David Whitman, fresh off of being honored by the American Independent Writers, has now done an interview with EducationNews.org about his book, Sweating the Small Stuff: Inner-City Schools and the New Paternalism. EdNews Senior Columnist Michael Shaughnessy asks David, among other things, why he wrote the book, why it has had broad-based appeal, and what paternalism has to do with education. Here's a snippet of David describing the schools that he examined and wrote about:
When you spent time in the schools I studied, you couldn't help but be struck by the fact that they were highly-prescriptive institutions???they meticulously supervised student behavior. They were not just academically demanding schools but schools that sought to relentlessly shape the character of their students. But I do want to be clear about one thing: The new paternalism works only when it is combined with intense caring and commitment--it is not just about the supervision of students. The students have to know that their teachers and principals care deeply about them and their future.
In 2002-2003, 1 million students participated in AP by taking at least one exam. Five years later, nearly 1.6 million did—a 50+ percent increase. But is growth all good? Might there be a downside? Are ill prepared students eroding the quality of the program? Perhaps harming the best and brightest? To find out, the Thomas B. Fordham Institute commissioned the Farkas Duffett Research Group to survey AP teachers in public high schools across the country. Perhaps not surprisingly, the AP program remains very popular with its teachers. But there are signs that the move toward "open door" access to AP is starting to cause concern. Read the report to learn more.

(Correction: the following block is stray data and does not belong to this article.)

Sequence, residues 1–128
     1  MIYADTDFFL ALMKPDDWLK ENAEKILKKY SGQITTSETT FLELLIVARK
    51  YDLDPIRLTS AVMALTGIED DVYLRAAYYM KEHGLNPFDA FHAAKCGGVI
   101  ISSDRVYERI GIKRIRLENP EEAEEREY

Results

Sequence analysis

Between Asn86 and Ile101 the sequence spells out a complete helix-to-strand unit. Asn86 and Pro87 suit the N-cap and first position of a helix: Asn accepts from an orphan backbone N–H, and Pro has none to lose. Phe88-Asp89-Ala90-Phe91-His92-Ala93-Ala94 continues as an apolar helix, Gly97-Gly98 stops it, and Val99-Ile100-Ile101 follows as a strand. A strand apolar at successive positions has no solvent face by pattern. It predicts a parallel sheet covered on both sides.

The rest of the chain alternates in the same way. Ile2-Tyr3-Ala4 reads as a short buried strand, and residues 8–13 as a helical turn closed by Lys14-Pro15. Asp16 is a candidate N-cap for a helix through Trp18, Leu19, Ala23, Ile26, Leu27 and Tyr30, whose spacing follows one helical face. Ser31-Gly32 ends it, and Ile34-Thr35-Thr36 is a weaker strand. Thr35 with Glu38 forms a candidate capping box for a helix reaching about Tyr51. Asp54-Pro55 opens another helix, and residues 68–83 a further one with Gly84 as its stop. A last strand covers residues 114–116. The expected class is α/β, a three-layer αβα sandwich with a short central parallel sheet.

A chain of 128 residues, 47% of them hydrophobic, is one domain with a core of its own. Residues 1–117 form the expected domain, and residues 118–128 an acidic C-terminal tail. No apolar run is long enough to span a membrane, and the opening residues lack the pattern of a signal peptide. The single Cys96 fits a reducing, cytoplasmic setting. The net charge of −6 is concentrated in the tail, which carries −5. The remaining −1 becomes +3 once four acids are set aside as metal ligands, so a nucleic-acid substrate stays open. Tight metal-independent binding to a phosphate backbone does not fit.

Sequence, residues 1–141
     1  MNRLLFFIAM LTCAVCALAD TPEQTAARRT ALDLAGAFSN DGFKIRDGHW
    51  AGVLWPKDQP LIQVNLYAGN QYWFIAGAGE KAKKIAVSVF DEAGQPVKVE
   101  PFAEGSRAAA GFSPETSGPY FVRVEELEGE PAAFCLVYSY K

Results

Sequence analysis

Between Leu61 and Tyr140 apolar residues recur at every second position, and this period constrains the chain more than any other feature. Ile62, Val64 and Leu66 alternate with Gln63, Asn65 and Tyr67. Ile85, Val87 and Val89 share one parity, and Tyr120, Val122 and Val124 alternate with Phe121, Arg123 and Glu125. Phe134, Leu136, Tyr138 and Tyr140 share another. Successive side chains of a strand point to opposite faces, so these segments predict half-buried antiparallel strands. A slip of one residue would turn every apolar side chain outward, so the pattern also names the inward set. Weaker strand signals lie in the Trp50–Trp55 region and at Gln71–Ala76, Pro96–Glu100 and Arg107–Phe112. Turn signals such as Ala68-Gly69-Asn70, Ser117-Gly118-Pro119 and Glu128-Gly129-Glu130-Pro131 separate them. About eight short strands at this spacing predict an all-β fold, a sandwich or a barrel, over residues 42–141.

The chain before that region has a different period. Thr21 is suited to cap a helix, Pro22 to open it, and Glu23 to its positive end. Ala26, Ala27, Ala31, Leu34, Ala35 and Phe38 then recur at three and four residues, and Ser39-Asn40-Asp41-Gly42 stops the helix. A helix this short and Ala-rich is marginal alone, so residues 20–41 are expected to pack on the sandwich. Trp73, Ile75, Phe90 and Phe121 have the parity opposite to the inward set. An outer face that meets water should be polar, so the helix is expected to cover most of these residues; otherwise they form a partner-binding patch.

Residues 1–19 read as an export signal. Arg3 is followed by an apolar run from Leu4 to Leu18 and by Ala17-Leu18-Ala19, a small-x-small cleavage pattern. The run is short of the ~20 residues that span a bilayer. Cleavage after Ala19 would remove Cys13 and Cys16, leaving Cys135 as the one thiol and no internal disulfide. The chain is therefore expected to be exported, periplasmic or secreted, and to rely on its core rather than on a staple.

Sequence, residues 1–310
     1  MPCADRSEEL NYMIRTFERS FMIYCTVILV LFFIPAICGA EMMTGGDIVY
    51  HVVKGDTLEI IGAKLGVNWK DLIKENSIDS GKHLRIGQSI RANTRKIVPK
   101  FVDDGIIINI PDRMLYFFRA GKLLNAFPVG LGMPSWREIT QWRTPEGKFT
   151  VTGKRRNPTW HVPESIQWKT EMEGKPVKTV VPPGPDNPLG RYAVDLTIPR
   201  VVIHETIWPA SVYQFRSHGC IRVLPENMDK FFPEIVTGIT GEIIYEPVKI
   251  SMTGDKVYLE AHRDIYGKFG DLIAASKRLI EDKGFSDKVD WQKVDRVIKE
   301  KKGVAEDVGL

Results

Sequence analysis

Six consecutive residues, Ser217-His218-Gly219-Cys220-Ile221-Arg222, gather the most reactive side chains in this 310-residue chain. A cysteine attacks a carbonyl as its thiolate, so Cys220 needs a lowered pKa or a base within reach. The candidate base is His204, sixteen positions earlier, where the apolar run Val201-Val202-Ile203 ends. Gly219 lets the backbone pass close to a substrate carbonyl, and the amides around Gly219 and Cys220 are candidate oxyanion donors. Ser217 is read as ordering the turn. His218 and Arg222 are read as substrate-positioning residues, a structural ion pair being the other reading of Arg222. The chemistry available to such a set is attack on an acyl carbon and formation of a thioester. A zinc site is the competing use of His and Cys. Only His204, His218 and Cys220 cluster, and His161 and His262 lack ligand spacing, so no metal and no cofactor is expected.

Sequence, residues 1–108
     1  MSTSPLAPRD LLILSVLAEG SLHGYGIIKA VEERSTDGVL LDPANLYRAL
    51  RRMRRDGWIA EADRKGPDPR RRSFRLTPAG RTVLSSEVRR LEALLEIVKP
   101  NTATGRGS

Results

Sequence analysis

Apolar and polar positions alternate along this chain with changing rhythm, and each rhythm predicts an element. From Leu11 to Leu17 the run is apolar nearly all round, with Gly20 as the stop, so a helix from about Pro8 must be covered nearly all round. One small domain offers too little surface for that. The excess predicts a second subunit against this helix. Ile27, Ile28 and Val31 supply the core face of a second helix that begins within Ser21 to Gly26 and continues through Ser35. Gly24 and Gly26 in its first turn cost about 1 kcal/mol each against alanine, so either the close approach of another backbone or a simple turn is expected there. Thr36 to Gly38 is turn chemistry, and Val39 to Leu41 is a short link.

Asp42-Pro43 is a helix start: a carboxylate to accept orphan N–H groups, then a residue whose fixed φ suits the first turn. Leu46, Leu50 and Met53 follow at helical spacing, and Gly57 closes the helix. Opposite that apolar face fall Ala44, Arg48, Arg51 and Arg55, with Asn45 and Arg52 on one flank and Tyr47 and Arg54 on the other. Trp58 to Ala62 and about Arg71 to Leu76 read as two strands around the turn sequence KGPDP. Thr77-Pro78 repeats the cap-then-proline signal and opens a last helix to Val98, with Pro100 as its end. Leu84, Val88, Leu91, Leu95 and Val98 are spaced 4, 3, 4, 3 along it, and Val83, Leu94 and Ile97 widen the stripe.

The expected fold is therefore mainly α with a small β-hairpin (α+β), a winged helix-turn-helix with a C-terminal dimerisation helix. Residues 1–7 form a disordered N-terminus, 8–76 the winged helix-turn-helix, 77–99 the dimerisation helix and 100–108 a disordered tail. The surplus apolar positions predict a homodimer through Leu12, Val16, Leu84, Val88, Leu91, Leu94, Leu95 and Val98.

An interview with Steve Farkas, President of the Farkas Duffett Research Group. Fordham commissioned the FDR Group to research and write this report.
As Gov. Ted Strickland concludes his 12-city "Conversation on Education" tour to gather ideas for reforming public education in Ohio, the Thomas B. Fordham Institute has put forth a report of five recommendations designed to keep improvements in the Buckeye State's public schools on track toward three critical goals: 1) maximizing the talents of every child; 2) producing graduates as good as any in the world; and 3) closing the persistent academic gaps that continue between rich and poor, and black and white and brown.